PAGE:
Tiwi Islands

Tiwi IslanderBathurst and Melville IslandsTiwi
Inhabited before European settlement by the Tiwi indigenous Australians, the islands have a population of approximately 3,000.

Kevin Gilbert (author)

Kevin Gilbert
In the 1970s, many Aboriginal activists, such as Gary Foley, proudly embraced the term "black", and writer Kevin Gilbert's book from the time was entitled Living Black.
Kevin Gilbert (10 July 1933 – 1 April 1993) was a 20th century Indigenous Australian author, activist, artist, poet, playwright and printmaker.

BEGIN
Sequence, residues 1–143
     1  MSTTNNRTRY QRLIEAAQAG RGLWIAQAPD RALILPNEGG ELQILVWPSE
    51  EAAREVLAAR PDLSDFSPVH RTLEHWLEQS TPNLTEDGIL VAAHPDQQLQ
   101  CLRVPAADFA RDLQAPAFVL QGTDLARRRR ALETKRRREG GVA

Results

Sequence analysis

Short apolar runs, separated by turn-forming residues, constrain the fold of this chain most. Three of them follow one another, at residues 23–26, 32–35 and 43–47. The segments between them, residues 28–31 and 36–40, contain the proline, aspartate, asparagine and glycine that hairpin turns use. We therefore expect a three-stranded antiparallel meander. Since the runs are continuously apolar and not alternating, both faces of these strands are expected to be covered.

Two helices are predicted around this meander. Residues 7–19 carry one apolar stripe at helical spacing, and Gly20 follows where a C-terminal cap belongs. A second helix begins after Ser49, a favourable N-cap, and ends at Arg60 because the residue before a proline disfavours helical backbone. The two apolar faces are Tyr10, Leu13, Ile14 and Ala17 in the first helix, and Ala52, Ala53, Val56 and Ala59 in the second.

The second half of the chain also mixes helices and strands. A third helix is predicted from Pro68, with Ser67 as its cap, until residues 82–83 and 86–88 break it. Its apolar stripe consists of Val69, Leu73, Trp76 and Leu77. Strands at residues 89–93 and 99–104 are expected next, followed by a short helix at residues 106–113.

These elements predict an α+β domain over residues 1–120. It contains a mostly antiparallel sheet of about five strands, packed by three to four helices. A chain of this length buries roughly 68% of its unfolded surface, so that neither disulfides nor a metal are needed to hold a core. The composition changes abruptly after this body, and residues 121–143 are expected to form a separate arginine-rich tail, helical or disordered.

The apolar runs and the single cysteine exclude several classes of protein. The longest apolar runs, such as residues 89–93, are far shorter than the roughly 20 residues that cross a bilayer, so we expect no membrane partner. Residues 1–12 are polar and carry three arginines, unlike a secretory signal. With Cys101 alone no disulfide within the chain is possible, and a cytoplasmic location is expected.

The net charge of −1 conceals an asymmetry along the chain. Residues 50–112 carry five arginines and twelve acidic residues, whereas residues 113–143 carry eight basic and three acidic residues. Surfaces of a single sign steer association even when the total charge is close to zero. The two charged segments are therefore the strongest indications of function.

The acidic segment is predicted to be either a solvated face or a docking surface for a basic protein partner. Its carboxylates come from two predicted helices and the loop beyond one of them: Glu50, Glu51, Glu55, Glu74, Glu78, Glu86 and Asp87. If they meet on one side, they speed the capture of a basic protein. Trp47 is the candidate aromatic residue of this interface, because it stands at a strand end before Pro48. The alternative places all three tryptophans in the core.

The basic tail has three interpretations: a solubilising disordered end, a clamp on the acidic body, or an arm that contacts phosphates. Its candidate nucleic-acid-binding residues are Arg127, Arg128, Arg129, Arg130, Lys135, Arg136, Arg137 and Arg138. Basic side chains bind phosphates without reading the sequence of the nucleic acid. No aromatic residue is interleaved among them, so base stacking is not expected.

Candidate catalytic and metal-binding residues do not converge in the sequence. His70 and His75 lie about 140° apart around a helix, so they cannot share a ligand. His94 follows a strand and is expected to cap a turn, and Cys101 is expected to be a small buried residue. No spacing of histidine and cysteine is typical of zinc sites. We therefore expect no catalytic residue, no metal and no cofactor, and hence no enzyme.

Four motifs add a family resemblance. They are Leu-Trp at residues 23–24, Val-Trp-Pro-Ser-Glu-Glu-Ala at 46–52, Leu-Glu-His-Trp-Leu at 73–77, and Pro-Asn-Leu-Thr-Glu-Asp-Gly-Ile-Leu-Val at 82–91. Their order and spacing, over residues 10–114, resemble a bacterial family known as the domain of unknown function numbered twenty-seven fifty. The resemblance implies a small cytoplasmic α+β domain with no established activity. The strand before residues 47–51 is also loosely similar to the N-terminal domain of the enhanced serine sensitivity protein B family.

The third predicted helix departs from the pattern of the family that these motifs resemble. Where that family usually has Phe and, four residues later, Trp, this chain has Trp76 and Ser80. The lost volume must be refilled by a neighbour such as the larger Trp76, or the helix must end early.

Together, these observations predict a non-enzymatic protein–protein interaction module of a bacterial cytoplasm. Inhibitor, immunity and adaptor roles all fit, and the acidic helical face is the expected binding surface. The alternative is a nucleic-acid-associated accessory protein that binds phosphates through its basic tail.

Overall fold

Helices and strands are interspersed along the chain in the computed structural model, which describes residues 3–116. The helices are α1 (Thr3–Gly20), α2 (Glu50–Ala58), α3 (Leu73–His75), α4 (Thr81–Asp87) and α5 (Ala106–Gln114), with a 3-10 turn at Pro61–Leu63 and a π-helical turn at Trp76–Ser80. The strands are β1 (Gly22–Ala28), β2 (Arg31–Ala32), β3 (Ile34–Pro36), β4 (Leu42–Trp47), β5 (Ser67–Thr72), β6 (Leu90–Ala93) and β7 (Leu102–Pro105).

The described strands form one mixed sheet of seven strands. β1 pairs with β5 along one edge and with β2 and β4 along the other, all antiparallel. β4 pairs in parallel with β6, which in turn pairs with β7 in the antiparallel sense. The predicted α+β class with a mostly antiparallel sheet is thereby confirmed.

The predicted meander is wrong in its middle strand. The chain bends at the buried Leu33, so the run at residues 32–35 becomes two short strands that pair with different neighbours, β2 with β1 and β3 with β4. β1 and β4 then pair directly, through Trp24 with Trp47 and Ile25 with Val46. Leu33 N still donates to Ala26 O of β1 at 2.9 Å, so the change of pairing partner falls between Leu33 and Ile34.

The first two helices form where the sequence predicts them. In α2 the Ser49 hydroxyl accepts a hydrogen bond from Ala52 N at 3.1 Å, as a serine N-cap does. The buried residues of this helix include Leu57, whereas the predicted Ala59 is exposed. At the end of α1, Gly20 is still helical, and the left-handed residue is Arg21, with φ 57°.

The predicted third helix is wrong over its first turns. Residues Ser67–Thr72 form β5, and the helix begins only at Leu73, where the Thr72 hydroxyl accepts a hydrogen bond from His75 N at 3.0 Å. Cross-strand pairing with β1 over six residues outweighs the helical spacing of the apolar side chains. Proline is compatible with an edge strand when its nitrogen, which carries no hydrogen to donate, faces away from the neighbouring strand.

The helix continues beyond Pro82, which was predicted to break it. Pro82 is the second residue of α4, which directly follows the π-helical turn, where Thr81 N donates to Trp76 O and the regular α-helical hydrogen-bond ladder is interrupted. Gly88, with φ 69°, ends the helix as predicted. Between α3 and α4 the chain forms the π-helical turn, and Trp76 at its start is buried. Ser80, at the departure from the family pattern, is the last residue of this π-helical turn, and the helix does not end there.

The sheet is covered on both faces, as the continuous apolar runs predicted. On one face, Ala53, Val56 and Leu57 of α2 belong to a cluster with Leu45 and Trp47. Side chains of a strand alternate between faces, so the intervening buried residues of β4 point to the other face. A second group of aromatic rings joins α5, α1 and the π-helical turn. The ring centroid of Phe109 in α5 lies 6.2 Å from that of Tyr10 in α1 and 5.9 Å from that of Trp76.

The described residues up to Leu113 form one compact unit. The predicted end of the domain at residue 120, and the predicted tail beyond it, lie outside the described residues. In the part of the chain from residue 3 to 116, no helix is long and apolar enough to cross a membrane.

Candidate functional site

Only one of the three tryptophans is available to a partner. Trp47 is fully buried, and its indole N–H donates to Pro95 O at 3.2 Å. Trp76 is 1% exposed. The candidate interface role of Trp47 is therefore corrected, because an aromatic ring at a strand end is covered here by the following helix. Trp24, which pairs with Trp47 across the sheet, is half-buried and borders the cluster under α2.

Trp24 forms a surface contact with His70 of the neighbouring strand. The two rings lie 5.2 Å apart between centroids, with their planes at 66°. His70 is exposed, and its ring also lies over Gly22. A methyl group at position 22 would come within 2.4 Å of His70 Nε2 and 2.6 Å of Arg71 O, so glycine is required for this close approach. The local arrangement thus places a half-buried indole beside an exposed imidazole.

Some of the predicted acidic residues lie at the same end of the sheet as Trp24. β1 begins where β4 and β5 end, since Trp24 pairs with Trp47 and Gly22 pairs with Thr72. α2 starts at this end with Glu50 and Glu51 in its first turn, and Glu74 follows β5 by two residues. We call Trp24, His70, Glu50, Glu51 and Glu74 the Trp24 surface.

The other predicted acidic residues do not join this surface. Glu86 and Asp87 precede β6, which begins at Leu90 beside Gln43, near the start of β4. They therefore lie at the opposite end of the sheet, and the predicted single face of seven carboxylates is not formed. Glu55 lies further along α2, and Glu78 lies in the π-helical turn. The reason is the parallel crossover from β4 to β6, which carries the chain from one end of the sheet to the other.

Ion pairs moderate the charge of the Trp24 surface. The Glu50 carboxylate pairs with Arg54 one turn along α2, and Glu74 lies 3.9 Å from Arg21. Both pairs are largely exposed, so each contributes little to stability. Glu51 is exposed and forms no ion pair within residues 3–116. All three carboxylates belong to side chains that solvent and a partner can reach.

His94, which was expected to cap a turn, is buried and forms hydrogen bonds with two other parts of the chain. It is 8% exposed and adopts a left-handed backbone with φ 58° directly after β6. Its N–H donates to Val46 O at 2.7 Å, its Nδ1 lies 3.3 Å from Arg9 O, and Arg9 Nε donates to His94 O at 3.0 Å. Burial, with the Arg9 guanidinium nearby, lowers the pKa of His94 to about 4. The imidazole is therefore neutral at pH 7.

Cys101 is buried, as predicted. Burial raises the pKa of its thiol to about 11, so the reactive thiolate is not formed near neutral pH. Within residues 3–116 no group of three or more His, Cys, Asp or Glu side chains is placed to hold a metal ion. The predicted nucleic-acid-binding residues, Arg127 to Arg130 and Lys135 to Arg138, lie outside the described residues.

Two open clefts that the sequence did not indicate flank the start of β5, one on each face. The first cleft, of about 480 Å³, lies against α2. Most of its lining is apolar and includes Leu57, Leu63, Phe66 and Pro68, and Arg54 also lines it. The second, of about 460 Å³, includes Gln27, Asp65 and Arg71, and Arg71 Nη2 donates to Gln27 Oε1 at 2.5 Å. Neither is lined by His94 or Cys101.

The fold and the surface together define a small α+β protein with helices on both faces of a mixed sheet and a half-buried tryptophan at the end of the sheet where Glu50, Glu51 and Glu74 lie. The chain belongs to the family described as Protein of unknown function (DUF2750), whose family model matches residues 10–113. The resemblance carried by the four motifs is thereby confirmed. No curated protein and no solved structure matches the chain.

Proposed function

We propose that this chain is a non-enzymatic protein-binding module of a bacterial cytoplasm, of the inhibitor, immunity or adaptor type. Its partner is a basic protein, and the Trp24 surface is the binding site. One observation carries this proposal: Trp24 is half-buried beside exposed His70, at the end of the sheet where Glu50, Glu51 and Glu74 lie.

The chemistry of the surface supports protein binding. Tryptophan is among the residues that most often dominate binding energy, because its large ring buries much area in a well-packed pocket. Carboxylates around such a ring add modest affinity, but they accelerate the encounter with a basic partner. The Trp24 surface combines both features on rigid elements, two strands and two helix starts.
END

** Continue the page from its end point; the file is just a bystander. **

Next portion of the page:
Wathaurong

WathaurungWada wurrungWautharong
One early settler named Andrew Todd, took notes on the life styles of the Wathaurung people that he lived next to in Victoria.
Wathaurong, also called the Wathaurung and Wadawurrung, are an Indigenous Australian tribe living in the area near Melbourne, Geelong and the Bellarine Peninsula.

Torres Strait Islands

Torres StraitTorres Strait IslandTorres Strait Islander
The Torres Strait Islands comprise over 100 islands which were annexed by Queensland in 1879.
The indigenous inhabitants of the Torres Strait Islands are the Torres Strait Islanders, an ethnically Melanesian people who also inhabited the northern tip of Cape York Peninsula, distinct from the Australian Aboriginals who are the Indigenous Australians in the rest of the country.

Darug

DharugDarug peopleMuringong